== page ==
The Changing Face of Immigration to America
The Story of the Woman Migrant as Today’s Newcomer
New America Media, Commentary, Angela Kelley Posted: Jul 14, 2009
Traducción al español
Editor's Note: When Congress begins debating immigration reform -- likely to happen later this year -- it should look into who today's immigrants are and how they adapt to American culture and see their future in their adopted land, writes NAM contributor Angela Kelley.
WASHINGTON – Recent statements by President Barack Obama, Senate Majority Leader Harry Reid and House Speaker Nancy Pelosi indicate a strong likelihood that congressional debate on immigration will begin later this year. Concern about immigrants’ integration into U.S. culture is a longstanding tension from past debates that will undoubtedly resurface. Fears that immigrants in modern day America are different and lack commitment to assimilate are pervasive and permeate much of the discussion both inside and outside the Beltway.
Yet, often missing from the debate is an understanding of who today’s immigrants are and how they adapt to American culture and see their future in this new homeland.
New public opinion research by New America Media (NAM), a consortium of more than 2,500 ethnic media outlets nationwide, provides valuable insights into today’s newcomers and their transformation to new Americans.
The U.S. Census data show that more than half of immigrants to the United States are women. And research by the Pew Hispanic Center finds that most immigrants live in families with children.
NAM interviewed over 1,000 immigrant women from Latin American, Asian, Arab and African countries, asking in-depth question about their daily lives, their roles in their families, and how their roles have changed since immigrating to the United States. They interviewed both women who arrived relatively recently (less than 10 years) and those who have lived here longer than 20 years. When asked why they chose to come to America in the first place, the women’s answers were perhaps not surprising. The majority responded that they came to the United States to join family members already here — 90 percent of respondents live with their husbands and children — or to make a better life for their children.
What some might find surprising is the power of American culture and its influence on the newcomer women. For example, 73 percent of immigrant women consider themselves more assertive in America than they had been in their home countries, and 33 percent of women immigrants consider themselves the head of their household, up from 18 percent in their home countries. Fifty-seven percent of these women also report that many of their responsibilities in the United States are handled by men in their home countries: 82 percent indicated that they share family financial decisions with their husbands or handle them by themselves, and 91 percent indicated a similarly proactive role in family planning.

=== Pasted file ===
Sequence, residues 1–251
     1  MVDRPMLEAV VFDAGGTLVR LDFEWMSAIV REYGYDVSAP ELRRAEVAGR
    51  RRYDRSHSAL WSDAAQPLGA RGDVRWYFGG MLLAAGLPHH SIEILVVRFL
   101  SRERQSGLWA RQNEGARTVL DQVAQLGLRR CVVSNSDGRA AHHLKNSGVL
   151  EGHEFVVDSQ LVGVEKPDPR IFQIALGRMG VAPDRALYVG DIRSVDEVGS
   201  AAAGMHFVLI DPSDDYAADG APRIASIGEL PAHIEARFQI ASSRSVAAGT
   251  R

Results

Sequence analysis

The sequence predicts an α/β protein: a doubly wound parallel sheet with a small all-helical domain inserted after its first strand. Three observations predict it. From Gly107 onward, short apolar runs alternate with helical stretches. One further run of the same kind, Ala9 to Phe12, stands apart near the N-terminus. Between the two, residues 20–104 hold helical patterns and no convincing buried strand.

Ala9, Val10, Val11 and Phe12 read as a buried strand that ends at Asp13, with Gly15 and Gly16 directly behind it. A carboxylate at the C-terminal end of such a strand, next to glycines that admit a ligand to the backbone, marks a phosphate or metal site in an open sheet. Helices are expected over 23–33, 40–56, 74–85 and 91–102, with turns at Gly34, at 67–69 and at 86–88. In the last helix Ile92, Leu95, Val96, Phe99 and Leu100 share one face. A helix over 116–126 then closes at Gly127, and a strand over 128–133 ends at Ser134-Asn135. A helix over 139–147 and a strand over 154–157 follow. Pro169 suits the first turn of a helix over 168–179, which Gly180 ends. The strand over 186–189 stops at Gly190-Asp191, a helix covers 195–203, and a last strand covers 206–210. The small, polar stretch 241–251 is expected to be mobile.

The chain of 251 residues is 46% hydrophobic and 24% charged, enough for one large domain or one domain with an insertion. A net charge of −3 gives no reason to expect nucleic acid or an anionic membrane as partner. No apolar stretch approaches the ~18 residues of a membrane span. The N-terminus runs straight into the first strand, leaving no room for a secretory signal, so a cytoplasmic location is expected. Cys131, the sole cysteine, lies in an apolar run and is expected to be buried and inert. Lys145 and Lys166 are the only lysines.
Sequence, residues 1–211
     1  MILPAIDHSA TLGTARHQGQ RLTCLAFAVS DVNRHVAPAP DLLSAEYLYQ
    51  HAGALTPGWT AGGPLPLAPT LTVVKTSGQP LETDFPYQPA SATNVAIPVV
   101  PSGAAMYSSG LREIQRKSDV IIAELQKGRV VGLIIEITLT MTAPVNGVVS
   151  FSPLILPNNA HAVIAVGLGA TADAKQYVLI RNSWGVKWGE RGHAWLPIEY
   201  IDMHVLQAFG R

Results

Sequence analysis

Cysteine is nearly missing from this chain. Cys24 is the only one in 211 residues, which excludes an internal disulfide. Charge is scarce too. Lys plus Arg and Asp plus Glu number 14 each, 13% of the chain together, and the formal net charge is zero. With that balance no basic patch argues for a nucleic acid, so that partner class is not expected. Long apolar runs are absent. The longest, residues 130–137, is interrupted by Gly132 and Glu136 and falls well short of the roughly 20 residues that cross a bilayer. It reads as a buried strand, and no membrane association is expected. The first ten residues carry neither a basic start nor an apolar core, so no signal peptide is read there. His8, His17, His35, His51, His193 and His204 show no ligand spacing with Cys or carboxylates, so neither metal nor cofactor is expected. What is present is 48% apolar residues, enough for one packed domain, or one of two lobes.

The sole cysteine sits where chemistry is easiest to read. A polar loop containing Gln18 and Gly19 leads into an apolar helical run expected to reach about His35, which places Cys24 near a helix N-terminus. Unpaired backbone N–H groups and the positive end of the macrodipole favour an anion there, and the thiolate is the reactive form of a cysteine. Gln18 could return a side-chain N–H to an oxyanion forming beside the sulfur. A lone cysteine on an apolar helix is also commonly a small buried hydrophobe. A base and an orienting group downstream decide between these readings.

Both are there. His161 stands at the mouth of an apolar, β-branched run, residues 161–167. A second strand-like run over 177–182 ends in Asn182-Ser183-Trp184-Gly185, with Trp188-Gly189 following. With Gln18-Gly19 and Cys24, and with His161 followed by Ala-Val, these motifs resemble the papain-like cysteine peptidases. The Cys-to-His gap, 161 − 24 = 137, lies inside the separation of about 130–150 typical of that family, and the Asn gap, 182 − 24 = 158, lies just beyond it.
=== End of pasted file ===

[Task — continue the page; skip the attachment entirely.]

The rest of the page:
These findings suggest that American culture, which permits women relative independence and influence in their life direction and that of their families—certainly in comparison to many countries where today’s immigrants come from — reaches and transforms America’s female newcomers.
The research also provides insights into immigrant women’s economic roles. A majority of immigrant women from China, Korea, the Philippines, India, Africa and Arab countries describe their last job in their home country as “professional.” The research found however that a substantial percentage of them do not initially find comparable employment in the United States and instead end up in low skill positions in hotels and restaurants, or as domestic and textile workers. Why would these women leave positions as nurses to become nannies? The answer lies in their motivation for coming to America in the first place — they sacrifice their own status for their families’ future. The good news is that they climb quickly back up the economic ladder. Almost all reported success in increasing their income levels—some dramatically more than others, reflecting differences in education levels. This suggests that immigrant women are successfully managing themselves in America’s demanding workplaces.
Women will have an enormous impact on their integration process because they drive their families’ transformation from newcomer to new American. This is perhaps best understood in their powerful motivation to engage in America’s civic life. Over 90 percent of women arriving from Latin America, Vietnam and Arab countries want their families to become citizens. They cite “securing family stability” as the number one reason for pursuing citizenship, followed by wanting to participate in the electoral process.
These findings suggest that as policymakers consider a new course on immigration and immigrant integration, their strongest allies may be the fiercely focused women motivated by their love of family to make America their home.
Angela Kelley, the daughter of immigrant parents, is vice president for Immigration Policy and Advocacy for the Center for American Progress, a think-tank based in Washington, D.C. and the former director of the Immigration Policy Center—the research arm of the American Immigration Law Foundation.
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